While it can be difficult to talk about, helping your senior loved one put together a living will is an important part of Chandler home care. Ideally, every adult should have a living will, but it is especially important for seniors given the majority of health concerns and conditions that can arise. Here are some tips to make the experience less stressful for your loved one and the rest of your family.
1. Approach the Topic Sensitively
Starting the discussion about planning a living will in a positive way is less likely to produce a negative outcome. Bringing up the subject with your loved one can make him or her think more about mortality and aging, so how you manage the conversation will have a big impact. One good idea is to suggest you’ve been putting together your own living will and are realizing how important it is for everyone to have one. Ensure this doesn’t mean you expect anything to happen to your loved one in the near future, but rather that a living will is an important document for everyone to create.
2.Let Your Loved One Make Decisions
Once you’ve gotten your loved one’s consent to plan a living will, it’s important to give him or her ownership in making decisions. Helping your loved one put together a living will means being willing to accept his or her preferences may not be your own. It is your loved one who must be comfortable with the decisions for his or her life. If you’re concerned about your loved one’s choices, try to ask questions about why a certain choice is important to him or her rather than saying you disagree. Sometimes understanding why your loved one made a choice makes it easier to accept. Either way, it’s imperative to present the options to your loved one in an unbiased way and let him or her decide alone unless specifically asked for input. Your loved one needs to feel control over his or her life choices just as much as younger people do.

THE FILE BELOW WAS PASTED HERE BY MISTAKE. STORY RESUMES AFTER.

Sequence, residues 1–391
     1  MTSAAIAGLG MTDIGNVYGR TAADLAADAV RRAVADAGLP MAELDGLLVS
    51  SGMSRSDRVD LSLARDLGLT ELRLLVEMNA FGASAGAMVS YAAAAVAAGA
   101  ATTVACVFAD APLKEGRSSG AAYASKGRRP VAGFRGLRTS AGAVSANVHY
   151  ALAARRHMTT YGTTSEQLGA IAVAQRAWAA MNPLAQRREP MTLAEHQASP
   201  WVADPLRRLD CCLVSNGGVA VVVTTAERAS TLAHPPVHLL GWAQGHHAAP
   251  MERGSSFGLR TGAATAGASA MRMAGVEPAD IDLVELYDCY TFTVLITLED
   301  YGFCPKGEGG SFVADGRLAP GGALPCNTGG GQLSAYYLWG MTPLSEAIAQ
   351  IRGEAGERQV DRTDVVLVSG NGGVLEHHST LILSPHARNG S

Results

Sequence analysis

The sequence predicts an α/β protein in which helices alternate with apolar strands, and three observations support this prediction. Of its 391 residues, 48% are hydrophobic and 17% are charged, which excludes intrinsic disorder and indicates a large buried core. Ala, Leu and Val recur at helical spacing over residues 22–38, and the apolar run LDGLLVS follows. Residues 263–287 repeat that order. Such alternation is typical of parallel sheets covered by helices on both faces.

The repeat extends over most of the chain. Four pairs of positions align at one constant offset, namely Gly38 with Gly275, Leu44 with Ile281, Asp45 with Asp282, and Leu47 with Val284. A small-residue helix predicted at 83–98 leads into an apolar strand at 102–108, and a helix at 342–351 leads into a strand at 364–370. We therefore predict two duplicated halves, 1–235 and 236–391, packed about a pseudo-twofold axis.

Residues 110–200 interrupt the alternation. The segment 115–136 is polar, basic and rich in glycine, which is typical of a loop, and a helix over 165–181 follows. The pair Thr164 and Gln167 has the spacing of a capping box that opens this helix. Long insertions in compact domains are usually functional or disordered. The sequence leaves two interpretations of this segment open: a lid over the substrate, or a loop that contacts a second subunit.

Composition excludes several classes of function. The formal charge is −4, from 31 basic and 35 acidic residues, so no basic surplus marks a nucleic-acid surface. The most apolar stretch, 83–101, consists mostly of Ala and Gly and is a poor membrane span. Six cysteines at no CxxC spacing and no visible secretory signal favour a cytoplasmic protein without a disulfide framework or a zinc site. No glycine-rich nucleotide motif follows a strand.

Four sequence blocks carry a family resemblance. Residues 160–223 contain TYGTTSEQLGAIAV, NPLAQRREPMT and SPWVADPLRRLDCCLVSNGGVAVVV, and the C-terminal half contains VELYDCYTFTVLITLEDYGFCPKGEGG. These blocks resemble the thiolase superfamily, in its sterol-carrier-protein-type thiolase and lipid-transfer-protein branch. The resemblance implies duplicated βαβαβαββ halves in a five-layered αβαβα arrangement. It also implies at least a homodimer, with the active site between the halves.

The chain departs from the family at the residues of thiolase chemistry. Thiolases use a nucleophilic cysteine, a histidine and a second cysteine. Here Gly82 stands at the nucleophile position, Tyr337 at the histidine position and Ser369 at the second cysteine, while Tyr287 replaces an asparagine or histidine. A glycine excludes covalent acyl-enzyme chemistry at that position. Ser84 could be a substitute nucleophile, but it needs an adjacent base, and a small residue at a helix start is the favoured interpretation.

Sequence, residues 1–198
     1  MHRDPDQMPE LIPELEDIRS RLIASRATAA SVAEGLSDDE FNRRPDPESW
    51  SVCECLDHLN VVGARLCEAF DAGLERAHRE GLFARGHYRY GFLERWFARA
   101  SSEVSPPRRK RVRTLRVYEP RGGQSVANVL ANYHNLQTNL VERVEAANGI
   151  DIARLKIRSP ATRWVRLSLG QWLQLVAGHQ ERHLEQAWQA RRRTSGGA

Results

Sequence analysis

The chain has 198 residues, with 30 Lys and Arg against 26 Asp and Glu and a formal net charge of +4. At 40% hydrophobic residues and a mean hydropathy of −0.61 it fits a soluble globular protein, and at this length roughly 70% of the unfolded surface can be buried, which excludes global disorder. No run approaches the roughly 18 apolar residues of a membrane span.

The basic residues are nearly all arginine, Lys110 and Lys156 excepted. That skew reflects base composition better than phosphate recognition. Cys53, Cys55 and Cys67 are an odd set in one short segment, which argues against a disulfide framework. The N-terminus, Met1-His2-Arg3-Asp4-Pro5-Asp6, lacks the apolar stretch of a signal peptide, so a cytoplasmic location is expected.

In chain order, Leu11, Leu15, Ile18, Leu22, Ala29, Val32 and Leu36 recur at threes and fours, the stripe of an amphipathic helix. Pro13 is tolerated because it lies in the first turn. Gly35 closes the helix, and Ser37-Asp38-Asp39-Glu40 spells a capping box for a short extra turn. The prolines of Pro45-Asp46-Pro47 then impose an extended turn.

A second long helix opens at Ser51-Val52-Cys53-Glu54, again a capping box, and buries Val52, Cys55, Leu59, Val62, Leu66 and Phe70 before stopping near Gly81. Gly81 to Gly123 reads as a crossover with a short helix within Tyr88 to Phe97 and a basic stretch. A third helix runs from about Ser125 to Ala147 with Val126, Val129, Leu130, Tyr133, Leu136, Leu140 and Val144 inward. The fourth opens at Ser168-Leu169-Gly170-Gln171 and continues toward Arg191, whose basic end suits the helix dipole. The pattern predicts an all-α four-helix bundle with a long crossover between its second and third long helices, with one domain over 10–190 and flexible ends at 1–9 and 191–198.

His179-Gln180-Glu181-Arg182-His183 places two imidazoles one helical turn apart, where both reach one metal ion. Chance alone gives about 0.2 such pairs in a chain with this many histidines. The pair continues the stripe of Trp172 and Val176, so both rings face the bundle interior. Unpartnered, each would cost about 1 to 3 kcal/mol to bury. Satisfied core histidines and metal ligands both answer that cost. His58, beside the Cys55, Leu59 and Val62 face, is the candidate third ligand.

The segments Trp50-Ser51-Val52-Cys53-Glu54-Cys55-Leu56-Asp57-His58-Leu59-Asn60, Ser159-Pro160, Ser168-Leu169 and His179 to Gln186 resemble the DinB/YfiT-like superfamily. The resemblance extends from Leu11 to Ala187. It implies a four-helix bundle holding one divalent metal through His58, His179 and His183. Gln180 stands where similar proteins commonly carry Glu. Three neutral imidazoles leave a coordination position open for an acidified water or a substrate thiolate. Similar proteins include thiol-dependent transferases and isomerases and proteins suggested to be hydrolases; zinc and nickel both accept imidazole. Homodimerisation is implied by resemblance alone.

3. Make Sure It Is Legal
Since there aren’t any federal laws about the content and preparation of living wills, the creation is up to individual state law and what is legal varies substantially from one state to the next. While everyone hopes his or her living will won’t actually need to be enacted, finding out a decision is not legal but needs to be enforced could be a real problem. Before planning a living will, do some serious research about what your loved one’s state requires to be included to make it valid. It’s also not a bad idea to have the final draft looked over by a lawyer who knows the ins and outs of documents such as these. Generally, lawyers will look over documents and suggest corrections for a substantially smaller fee than for other services, especially when they don’t need to write up the document themselves.
4. Inform Family of the Decisions
Once you’ve prepared a legal living will with your loved one, understand it won’t do any good hidden away in a safe deposit box. For a living will to be enacted, other people need to be aware it exists. At minimum, you will want to have your loved one place copies of the living will on file with his or her primary care physician, any specialists he or she sees, and the hospital he or she would use in the event of an emergency. Depending on your family dynamic, it may be easier to let family know about the decisions made on the living will ahead of time instead of trying to explain and defend your loved one’s wishes if something actually does happen. Everyone will listen more fully and with more understanding about the decisions your loved one has made when things are calm, so having a meeting after putting the living will on file is a good idea.
Though discussing end-of-life wishes with your loved one isn’t easy, it’s never too early to help him or her create a living will. In addition to planning for the future, you can help address your loved one’s current needs by hiring a caregiver from Home Care Assistance. Our caregivers are available 24/7 and are expertly trained to assist with a wide variety of daily tasks, including cooking, cleaning, and exercise. We also provide specialized Parkinson’s, dementia, and Alzheimer’s care for Chandler seniors who need more extensive assistance. For more information on our senior care services, call one of our knowledgeable Care Managers at (480) 448-6215 today.